In the event of proven malicious activity, it can take steps to mitigate those threats before they harm the business.-type tools SOAR can then be mobilized in this case to simplify and accelerate remediation.

The tooling of a SOC can quickly become complex if the organization is content to pile on expert solutions. The proliferation of tools is a source of inefficiency, and can sometimes become dangerous by conferring a false sense of protection. This is why it has become essential, in modern SOCs, to acquire a software platform capable of federating all the available means.

How to effectively equip a SOC?

On SEKOIA.IO, we have developed a SOC platform that provides teams with a turnkey operational capability to automatically detect and respond to security incidents, regardless of the attack surface.

This SOC platform does not only perform the functions of a classic SIEM (Security Information & Event Management): It natively integrates on a unified console, all the components necessary for the security of your organization. You will find:

  • an CTI integrated very contextualized, containing more than 500 actionable detection rules and whose presence serves to amplify your ability to detect threats
  • a SOAR (Security Orchestration, Automation and Response) through customizable playbooks incident response
  • as well as all the useful functions of a security back-end: a powerful and responsive Data Lake, open APIs for smooth integrations, SaaS deployment for a transparent MCO/MCS.
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Finally, a SOC must be prepared to follow the organization it protects in all its future developments: scope extensions, international growth, addition of functionalities or new technologies, regulatory changes… This is why it is vital that the SecOps platform chosen has the necessary flexibility and agility so as not to confine the organization to a closed environment.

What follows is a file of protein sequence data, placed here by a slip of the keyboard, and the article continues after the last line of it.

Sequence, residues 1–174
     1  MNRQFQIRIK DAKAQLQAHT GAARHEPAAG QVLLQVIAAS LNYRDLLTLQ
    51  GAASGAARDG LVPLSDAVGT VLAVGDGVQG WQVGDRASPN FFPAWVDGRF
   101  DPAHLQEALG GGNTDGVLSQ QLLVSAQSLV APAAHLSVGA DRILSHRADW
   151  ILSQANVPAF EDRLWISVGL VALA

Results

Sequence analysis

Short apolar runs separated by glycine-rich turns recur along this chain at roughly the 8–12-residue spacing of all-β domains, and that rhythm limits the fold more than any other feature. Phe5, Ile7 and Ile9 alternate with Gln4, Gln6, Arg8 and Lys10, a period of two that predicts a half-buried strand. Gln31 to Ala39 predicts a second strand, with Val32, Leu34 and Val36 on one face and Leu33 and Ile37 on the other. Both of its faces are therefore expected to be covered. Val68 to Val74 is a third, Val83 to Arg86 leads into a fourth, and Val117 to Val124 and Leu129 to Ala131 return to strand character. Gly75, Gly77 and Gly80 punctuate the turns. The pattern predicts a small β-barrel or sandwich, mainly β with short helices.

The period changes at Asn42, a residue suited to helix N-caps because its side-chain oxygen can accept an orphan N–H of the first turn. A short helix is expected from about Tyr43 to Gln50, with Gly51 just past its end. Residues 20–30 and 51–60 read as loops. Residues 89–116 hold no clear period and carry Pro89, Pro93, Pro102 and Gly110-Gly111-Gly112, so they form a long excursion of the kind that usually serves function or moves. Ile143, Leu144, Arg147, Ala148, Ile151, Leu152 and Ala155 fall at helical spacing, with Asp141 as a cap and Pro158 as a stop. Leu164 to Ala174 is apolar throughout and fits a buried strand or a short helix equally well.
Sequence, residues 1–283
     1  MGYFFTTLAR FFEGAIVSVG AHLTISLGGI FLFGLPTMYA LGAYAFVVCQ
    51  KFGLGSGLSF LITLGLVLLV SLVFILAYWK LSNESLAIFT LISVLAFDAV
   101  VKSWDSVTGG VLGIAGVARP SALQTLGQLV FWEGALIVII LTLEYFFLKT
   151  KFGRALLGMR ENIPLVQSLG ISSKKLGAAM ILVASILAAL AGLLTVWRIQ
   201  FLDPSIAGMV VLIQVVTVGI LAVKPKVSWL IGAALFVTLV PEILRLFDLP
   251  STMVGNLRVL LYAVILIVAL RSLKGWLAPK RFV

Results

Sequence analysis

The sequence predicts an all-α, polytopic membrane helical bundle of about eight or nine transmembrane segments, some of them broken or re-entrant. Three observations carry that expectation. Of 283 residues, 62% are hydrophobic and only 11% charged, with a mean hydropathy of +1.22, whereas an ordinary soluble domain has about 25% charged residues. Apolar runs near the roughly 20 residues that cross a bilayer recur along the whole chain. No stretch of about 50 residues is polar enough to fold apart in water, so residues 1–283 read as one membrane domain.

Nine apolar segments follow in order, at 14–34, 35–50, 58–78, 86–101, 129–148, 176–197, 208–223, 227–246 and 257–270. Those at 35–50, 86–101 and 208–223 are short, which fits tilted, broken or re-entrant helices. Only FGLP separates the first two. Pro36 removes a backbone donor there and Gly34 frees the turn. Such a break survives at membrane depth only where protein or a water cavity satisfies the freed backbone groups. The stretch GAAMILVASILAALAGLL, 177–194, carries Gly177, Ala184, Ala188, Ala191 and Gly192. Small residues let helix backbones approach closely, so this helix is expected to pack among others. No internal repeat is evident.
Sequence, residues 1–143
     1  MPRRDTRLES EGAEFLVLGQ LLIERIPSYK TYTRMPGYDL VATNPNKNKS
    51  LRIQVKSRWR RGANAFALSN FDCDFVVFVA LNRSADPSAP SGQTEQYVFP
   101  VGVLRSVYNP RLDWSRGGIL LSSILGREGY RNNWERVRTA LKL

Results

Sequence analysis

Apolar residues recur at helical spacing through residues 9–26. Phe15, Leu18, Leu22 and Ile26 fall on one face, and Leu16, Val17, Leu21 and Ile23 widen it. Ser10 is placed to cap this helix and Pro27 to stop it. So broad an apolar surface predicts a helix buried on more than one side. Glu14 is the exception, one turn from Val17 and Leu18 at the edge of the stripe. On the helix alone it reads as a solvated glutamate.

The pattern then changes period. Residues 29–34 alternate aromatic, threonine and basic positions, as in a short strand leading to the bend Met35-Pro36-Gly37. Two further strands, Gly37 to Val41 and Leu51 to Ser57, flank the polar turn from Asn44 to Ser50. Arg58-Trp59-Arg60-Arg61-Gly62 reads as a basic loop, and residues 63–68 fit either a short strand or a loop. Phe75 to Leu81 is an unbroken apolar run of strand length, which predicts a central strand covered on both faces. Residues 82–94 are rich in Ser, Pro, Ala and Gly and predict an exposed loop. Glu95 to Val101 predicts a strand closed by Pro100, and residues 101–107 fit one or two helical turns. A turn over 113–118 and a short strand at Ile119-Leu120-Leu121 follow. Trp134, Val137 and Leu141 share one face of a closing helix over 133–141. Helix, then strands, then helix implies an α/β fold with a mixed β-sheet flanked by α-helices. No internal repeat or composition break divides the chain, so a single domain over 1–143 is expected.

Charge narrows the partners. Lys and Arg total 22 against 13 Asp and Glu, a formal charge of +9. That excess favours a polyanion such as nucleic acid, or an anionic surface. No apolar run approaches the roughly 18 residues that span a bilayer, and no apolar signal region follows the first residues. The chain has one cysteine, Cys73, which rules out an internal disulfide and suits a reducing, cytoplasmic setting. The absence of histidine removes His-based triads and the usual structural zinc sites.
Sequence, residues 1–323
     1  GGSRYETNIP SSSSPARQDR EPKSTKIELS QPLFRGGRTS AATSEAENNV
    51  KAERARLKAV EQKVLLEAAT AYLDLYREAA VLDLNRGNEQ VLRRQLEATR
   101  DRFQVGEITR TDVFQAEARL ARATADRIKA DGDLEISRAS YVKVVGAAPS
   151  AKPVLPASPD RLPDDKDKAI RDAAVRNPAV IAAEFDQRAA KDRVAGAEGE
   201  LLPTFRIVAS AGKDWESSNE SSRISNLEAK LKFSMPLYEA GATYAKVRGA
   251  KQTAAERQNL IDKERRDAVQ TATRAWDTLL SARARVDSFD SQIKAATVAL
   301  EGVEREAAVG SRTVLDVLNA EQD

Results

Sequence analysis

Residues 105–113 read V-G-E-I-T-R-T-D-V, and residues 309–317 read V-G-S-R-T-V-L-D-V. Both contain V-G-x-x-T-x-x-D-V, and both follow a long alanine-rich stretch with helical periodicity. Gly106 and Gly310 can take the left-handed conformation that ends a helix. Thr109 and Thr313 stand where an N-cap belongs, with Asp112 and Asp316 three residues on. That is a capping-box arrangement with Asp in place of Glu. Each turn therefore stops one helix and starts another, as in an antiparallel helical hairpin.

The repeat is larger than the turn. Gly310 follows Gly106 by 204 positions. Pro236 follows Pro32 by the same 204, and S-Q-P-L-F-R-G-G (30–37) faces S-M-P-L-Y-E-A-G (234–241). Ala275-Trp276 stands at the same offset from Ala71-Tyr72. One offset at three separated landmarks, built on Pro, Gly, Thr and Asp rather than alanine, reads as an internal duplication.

You can consult other definitions concerning: CTI, XDR, EDR, SIEM, CSIRT, CERT, IoC (Indicators of Compromise), Augmented SOC and Identity and Access Management (IAM).

If you are visiting our website for the first time, know that we are a cybersecurity software publisher. We provide SOC and MSSP teams with a turnkey operational security platform (SOC platform). Through our XDR platformCTI tool and threat intelligence platform, we enable our users to neutralize cyber threats, regardless of the attack surface.

Others Terms

SIEM(Security Information and Event Management)

A SIEM (Security Information and Event Management) is an IT security tool that is used to collect, store and analyze large volumes of log data from all sources in the enterprise. It is used to take advantage of each of these data (collected) to identify and analyze, from a platform, the events and/or incidents that may take place on the company's computer network.

CERT(Computer Emergency Response Team)

The primary mission of a CERT is to contain computer security incidents, minimize their impact on the organization's operations and reputation, and facilitate post-crisis remediation and reconstruction.